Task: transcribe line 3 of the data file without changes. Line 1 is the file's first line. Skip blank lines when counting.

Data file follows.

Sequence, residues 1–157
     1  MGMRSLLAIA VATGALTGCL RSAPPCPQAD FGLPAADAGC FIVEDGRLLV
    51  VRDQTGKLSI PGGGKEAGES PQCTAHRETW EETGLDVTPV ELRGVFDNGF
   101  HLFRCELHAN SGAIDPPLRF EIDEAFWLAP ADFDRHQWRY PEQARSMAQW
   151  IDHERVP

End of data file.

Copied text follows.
    51  VRDQTGKLSI PGGGKEAGES PQCTAHRETW EETGLDVTPV ELRGVFDNGF